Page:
Customers and prospects frequently ask us about our roadmap. While it’s a good question, it’s tricky to answer….not because I feel we have a ‘roadmap problem’ […]

What’s Your DCIM Roadmap?

Customers and prospects frequently ask us about our roadmap. While it’s a good question, it’s tricky to answer….not because I feel we have a ‘roadmap problem’ […]


Customers and prospects frequently ask us about our roadmap. While it’s a good question, it’s tricky to answer….not because I feel we have a ‘roadmap problem’ at Graphical Networks, but because, if I have to explain our stance and the reasoning behind it, it would lend itself to a long philosophical debate on the nature of ‘what is a software company’ (and, perhaps, a disappointed customer).

We don’t really have a roadmap per-se. Well, at least not in the grand ‘wave-your-hands-in-the-air-big-power-point-24-month-grand-plan’ type of way (…if you know what I mean).

In general, sales people love roadmaps, and love to throw everything at them plus the kitchen sink. Then want to tell prospects what they want to hear. After the prospect buys the tool, however, who cares if it’s actually delivered, right? Perhaps I am being a bit sarcastic here, but I have seen this exact scenario play out at other companies in the past.

A careless sales person would say yes to any request coming from a prospect: a recipe for disaster for so many reasons that I hope I don’t need to explain. The truth is that even if we wanted to say yes to everything, the reality of finite resources would prevent us from delivering most requests…creating false expectations and, ultimately, disappointing the customer or prospect and setting a bad precedent.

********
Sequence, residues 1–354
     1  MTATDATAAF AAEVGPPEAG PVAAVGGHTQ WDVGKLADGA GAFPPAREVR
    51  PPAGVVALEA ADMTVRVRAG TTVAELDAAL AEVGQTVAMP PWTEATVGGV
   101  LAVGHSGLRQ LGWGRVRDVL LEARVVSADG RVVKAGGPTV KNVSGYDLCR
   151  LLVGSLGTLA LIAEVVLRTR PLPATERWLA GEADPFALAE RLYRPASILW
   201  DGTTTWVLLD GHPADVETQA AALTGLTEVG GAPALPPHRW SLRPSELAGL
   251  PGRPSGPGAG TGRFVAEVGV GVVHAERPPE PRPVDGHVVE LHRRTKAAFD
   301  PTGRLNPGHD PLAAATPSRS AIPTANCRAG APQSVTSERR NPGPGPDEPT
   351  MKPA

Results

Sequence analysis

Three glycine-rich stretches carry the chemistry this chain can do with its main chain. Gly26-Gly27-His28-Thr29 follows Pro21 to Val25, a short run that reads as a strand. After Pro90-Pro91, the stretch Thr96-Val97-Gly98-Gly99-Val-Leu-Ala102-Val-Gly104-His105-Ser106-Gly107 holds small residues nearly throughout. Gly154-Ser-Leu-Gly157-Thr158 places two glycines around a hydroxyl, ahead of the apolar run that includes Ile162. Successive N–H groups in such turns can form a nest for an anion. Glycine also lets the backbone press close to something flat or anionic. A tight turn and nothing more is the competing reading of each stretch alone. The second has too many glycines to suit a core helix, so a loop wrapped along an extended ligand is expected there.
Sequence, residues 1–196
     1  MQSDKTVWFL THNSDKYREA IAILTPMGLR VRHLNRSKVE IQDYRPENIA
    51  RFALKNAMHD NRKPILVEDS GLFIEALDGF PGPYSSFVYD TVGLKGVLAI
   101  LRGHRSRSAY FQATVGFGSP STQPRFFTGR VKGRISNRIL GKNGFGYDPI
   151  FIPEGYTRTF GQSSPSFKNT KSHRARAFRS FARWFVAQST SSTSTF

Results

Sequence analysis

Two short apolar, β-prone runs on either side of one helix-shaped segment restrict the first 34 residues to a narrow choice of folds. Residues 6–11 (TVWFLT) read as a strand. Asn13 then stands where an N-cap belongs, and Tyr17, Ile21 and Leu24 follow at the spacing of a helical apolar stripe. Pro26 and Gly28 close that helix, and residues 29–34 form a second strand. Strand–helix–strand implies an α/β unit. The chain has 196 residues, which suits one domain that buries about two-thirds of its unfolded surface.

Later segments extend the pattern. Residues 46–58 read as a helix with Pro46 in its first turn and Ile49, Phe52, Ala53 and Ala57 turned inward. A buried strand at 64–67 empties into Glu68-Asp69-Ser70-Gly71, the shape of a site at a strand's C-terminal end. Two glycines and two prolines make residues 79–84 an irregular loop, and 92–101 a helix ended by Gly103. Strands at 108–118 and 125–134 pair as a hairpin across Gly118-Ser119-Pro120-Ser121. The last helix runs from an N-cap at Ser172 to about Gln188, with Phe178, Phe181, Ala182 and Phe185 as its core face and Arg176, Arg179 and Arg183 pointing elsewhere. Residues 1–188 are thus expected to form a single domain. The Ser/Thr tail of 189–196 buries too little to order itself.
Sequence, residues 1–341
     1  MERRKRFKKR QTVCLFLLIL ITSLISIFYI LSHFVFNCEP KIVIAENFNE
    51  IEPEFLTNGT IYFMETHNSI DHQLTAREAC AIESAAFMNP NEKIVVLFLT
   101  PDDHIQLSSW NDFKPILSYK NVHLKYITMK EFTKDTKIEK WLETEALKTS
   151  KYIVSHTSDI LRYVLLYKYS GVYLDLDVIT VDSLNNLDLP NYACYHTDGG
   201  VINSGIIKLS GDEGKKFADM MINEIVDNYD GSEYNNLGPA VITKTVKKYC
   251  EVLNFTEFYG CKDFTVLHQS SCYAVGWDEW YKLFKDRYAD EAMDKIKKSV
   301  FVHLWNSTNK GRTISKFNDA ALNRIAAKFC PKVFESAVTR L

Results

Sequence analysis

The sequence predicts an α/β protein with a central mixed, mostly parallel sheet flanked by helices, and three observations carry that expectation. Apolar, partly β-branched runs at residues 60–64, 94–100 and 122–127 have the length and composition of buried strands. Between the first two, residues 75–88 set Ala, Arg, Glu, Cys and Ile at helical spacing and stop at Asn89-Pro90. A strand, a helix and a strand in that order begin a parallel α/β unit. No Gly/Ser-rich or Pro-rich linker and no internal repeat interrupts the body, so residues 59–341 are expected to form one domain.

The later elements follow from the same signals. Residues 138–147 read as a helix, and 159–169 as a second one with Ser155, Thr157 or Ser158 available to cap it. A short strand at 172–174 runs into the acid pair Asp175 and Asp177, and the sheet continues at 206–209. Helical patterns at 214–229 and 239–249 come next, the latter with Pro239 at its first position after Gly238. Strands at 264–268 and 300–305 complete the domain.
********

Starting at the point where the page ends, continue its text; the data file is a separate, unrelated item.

Why are so many roadmaps problematic?

Roadmaps tend to be these long-term, vague, and barely-tested laundry lists of cool-to-have ideas. 20 years of software product management have mostly persuaded me that those types of fantastical roadmaps are little more than wishful thinking. I’ve seen it in action: when you have to present them at monthly meetings, they keep changing like a chameleon.

In a previous blog, I discussed the process for collecting feature requests — our roadmap is not a compilation of those feature requests either. If it were, we’d end up with a random laundry list of disjointed pet features from everybody — implementing all of these features would ruin the software for 90% of the citizenship. When everything is important, nothing is: as it is impossible to add every feature, you’re forced to prioritize and then certain people feel dissed while you miss deadlines and it’s all one giant mess. We are not aware of any successful software company that does this.

With all that said, do we here at Graphical Networks have a roadmap?

Yes, one that is far more realistic and achievable: it includes the list of improvements for the next release and an overall direction in which we want to go as a software company.

Here’s an example: our current roadmap is release 8.6 which includes many features for network mapping, DCIM and fiber plant documentation, such as: port-to-port network topology mapping, improved outside plant performance, simpler device catalog management and so on.

After that, we have a list of candidate features for the next release (version 9.0).

And that’s about it. And we like it this way. Anything beyond that, I believe, would be akin to wishful thinking. You simply cannot go much further than a few months.

Beyond that, there are simply too many variables in the IT visualization market and demands from existing and future customers to keep that long-term roadmap anywhere near predictable.

Want to request the roadmap?

We are always happy to share what’s in store — so much so that we constantly discuss it in our blogs. However, if you request some fanc-schmancy PowerPoint you won’t get it. Our roadmap can be explained in three simple slides: upcoming release, candidate features for next release, long-term vision. This is the same roadmap we share with our customer advisory board as well as with our partners around the world.

Happy documenting!

Jan Durnhofer
Jan Durnhofer
As CEO / Product and Engineering Manager, Jan joined Graphical Networks with the purpose of creating the most advanced DCIM and IT visualization company in the market.

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